Are the days of high street estate agents numbered?
Wed 04 Mar 2015
TV property expert and Tepilo founder Sarah Beeny predicts the number of traditional agents to fall
Digital disruption has now reached the most established of bricks-and-mortar industries property. Thanks to
online-only estate agents such as Purplebricks and Tepilo, as well as the reliance of traditional agents on
advertising portals such as Rightmove and Zoopla, buying a house could be the next service to become
Entrepreneur and television property expert Sarah Beeny, who launched Teplio in 2009 as an advertising
website before relaunching it as an online estate agent in 2013, says: Selling is all about knowing where the
buyers are and the buyers are no longer going into estate agents offices on the high street, so they are becoming
She concedes that the industry has been very slow to catch on to consumers shift online, just as bookshops
were initially blind to the rise of online sellers such as Amazon.
WH Smiths and Waterstones could have taken that ground just by clicking their fingers, but they didnt move
quickly enough because they were stuck in their ways, she says. And its a similar story for traditional estate
agents who she believes have got their fingers in their ears are just hoping it will all go away.
One of the major pulls of online estate agents is the huge difference in cost. Using Teplio, home owners can sell
their property for 495 plus VAT, which includes a personal sale manager to organise viewings, negotiate offers
and complete the sale. Meanwhile, Purplebricks, which was founded by Michael and Kenny Bruce who owned the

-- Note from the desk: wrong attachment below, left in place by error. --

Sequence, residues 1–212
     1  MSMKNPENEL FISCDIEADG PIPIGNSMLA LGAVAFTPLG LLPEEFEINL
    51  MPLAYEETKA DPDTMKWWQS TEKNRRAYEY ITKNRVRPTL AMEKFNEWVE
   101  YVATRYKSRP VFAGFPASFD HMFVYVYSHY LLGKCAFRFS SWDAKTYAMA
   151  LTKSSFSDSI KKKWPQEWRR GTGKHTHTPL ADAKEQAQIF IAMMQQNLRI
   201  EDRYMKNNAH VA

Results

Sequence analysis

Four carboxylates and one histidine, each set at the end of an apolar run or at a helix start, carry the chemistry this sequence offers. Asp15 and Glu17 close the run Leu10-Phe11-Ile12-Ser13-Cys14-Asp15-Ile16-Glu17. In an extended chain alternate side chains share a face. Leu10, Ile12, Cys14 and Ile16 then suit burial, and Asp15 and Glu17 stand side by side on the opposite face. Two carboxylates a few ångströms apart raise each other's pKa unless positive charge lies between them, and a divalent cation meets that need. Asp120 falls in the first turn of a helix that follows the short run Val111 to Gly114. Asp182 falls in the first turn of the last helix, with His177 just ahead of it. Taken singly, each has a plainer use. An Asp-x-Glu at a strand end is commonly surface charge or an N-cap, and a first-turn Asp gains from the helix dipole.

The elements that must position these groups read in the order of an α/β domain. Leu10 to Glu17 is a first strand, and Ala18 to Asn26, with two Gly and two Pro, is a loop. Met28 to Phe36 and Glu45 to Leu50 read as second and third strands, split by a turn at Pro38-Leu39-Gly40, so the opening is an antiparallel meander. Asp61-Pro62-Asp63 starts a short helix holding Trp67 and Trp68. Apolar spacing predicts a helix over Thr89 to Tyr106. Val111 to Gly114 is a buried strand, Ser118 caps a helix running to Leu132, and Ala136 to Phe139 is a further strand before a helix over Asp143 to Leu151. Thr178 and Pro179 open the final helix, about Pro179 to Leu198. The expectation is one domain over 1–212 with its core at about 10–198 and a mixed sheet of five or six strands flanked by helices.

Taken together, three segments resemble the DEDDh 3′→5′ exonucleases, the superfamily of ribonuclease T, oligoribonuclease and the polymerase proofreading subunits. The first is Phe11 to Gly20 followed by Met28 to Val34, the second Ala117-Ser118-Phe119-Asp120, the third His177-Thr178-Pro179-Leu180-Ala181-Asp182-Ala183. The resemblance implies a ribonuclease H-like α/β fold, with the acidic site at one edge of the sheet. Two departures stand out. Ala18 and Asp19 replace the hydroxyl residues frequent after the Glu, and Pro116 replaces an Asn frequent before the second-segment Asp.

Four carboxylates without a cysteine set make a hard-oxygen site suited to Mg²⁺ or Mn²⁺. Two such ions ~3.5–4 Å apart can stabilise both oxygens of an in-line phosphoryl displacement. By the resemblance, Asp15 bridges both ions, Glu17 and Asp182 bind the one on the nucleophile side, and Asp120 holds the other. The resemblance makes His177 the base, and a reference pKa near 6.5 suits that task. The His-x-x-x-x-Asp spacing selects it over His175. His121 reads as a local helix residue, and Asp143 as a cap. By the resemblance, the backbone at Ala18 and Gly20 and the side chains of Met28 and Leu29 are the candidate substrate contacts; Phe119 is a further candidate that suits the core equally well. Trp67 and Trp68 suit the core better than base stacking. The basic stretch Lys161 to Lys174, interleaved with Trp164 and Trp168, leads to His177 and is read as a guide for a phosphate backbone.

Burchell Edwards chain before selling it to property giant Connells, charges 665 plus VAT, and assigns sellers
with a local property expert.
Singling out London estate agent Foxtons for comparison, Purplebricks marketing director James Kydd says:
Foxtons is pretty adamant that it doesnt negotiate on fees. It charges 2.5% plus VAT for sole agency and 3% for
multiple agency, so if you sell a property for 2m youll shell out something like 60,000 in fees whereas we
would charge under 1,000. Foxtons declined to respond to the comments.
Kydd believes this huge gulf in fees is the reason traditional agents have been so reluctant to embrace digital, as
it would mean they could no longer justify what he calls the obscene amount they charge, particularly if aspects
of the sale process were automated.
Traditional estate agents are fighting back though. John Waters, a partner at upmarket estate agent Knight Frank,
agrees that the first place people now go when looking for a property is online, but he is not threatened by the rise
of digital agencies.
Most people I deal with in prime central London have neither the time nor inclination to [handle the sales
process] themselves, he says. He admits it may be a different story outside London, however, as many vendors
already host their own viewings.
It is the online property advertising portals Rightmove and Zoopla that he believes are having a bigger impact on